King Norodom Sihamoni pardoned deputy opposition leader Kem Sokha at the request of Prime Minister Hun Sen on Friday, absolving him of a conviction for refusing to appear in court for questioning over a related “prostitution” case involving his alleged mistress.
Mr. Sokha was sentenced in September to five months in jail for refusing to appear at the Phnom Penh Municipal Court as a witness in a case widely derided as a politically motivated effort by the government to muzzle the opposition.
However, on Friday the king issued a royal decree pardoning Mr. Sokha.
The decree declares “a pardon for inmate Kem Sokha, male, 63 year-old, who was sentenced by the court to imprisonment for refusing to appear under the power of criminal judgment of the Court of Appeal dated November 4, 2016.”
Mr. Sokha wrote to the prime minister on Thursday requesting he intervene by requesting a pardon from the king.
“We all are Khmer who have suffered and lost many things we love,” Mr. Sokha wrote in the letter, posted online on Friday by Khmer-language news website Fresh News.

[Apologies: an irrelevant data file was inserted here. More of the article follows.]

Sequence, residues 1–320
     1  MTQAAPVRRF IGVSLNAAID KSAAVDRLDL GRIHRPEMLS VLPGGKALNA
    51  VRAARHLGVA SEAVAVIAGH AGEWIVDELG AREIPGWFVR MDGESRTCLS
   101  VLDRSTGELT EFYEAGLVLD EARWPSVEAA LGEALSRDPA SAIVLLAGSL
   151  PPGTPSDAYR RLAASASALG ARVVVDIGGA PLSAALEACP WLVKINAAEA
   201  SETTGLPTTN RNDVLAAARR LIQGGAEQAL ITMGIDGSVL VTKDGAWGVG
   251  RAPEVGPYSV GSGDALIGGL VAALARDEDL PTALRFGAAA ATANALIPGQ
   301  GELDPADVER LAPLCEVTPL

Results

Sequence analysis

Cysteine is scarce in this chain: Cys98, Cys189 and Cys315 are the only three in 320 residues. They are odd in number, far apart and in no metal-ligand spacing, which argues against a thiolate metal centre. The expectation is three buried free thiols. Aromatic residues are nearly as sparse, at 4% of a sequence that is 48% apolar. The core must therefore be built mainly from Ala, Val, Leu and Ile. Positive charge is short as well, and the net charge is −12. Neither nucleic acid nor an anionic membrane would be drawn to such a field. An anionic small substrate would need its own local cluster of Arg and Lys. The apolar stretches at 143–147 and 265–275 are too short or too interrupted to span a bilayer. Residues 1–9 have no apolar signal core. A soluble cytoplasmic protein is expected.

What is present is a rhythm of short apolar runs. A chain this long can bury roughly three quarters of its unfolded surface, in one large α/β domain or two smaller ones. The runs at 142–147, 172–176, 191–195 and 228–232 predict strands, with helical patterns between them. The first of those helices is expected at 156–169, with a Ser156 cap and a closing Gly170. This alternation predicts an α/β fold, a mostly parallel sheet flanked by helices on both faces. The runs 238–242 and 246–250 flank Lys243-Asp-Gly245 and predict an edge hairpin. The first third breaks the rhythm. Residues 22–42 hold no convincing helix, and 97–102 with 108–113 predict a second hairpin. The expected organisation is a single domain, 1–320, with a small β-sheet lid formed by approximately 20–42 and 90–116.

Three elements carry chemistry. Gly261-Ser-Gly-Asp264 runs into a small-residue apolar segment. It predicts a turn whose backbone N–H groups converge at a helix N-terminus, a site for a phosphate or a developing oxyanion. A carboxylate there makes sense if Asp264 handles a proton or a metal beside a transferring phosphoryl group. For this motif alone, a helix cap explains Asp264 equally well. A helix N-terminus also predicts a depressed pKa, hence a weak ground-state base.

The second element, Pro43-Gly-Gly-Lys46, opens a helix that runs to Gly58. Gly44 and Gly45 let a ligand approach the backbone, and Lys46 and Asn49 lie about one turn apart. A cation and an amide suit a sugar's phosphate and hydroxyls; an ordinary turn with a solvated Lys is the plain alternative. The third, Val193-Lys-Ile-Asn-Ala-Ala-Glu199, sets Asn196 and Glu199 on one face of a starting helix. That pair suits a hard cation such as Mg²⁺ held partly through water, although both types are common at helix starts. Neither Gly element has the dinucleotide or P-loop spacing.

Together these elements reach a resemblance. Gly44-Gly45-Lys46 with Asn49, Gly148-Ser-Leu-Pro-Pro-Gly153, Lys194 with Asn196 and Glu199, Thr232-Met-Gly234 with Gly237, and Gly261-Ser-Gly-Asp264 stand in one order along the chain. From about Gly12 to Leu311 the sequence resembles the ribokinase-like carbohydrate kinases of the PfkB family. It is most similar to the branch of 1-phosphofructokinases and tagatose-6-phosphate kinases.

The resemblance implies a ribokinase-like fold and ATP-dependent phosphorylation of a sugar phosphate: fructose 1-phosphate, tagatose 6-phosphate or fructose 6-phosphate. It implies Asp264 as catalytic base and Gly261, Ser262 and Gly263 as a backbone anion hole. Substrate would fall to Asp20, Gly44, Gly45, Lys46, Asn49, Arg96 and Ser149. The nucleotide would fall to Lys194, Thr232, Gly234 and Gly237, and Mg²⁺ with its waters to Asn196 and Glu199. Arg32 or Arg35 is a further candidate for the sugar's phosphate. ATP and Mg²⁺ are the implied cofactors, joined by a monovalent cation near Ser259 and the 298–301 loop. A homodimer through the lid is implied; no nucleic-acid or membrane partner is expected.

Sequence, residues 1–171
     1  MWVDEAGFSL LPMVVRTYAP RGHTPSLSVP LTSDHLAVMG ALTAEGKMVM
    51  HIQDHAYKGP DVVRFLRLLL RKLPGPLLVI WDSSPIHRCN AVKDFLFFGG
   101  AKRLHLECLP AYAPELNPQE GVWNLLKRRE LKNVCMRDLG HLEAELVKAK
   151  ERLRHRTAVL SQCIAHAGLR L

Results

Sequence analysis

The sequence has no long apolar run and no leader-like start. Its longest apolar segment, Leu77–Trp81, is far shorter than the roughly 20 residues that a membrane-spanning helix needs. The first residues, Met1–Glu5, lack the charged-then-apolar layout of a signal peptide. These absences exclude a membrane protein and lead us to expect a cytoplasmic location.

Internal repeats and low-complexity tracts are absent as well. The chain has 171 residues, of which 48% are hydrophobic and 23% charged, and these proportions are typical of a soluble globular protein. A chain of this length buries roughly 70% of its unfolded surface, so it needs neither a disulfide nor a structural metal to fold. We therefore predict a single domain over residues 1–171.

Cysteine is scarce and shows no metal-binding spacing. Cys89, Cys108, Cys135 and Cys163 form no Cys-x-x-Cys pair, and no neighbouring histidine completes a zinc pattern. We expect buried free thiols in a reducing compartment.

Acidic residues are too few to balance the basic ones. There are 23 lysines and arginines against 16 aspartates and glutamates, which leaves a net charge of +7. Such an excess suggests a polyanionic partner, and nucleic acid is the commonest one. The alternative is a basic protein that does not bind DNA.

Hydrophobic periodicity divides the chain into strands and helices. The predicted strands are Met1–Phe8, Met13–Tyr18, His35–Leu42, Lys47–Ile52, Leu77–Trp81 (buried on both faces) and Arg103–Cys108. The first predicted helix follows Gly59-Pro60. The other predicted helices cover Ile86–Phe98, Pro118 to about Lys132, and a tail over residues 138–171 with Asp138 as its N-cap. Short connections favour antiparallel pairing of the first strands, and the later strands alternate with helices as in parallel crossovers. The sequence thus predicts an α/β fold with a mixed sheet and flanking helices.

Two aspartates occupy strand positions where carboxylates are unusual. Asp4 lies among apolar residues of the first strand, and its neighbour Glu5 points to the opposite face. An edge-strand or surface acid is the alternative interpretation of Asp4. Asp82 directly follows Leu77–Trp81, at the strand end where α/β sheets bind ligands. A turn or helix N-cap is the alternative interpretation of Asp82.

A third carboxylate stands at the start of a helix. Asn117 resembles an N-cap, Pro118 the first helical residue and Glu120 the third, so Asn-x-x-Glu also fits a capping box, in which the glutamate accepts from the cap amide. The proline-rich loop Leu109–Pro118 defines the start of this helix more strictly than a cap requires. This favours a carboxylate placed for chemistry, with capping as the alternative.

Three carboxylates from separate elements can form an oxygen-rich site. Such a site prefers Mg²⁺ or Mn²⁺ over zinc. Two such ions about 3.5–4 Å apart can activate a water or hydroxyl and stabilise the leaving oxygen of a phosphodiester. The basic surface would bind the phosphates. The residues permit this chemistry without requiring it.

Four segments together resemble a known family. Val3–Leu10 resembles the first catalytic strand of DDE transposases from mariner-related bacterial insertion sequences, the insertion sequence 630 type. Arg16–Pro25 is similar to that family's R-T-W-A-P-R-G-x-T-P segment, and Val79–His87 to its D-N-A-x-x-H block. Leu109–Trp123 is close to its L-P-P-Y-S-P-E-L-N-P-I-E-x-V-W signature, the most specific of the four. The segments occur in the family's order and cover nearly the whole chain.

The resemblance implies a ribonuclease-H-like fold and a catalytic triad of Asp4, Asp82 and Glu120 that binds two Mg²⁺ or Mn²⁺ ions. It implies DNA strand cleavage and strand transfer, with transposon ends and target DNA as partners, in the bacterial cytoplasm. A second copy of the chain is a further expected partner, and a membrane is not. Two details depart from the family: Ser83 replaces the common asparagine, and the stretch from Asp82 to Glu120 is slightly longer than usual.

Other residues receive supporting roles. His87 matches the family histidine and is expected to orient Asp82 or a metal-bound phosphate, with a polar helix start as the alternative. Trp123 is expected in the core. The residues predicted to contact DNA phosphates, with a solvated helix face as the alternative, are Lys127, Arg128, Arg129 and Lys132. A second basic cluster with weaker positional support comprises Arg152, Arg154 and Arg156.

“I also understand that Cambodia’s past internal disputes, we have settled through national reconciliation and unity between Khmer and Khmer despite having different political agendas,” he wrote.
Mr. Hun Sen penned a letter to the king on Friday asking him “to grant a royal decree to pardon inmate Kem Sokha, who was sentenced by the court.”
The case stemmed from recorded telephone conversations, allegedly of Mr. Sokha engaging in conversations of a sexual nature with a woman who was later identified as 25-year-old manicurist Khom Chandaraty.
Under questioning in court over prostitution charges recommended by the anti-terrorism police, Ms. Chandaraty admitted to having an affair with Mr. Sokha, who refused to appear as a witness in the case. As a result, the deputy opposition leader was prosecuted and sentenced to five months in jail in September.
An appeal was rejected last month by the Court of Appeal, and Mr. Sokha’s lawyers said they would wait until this month to appeal to the Supreme Court. The prime minister has previously said that he was helpless to offer any help to Mr. Sokha until the case was settled by the top court.
Mr. Sokha has been holed up in the CNRP headquarters in Phnom Penh since May, leaving only once to register to vote in next year’s commune elections.
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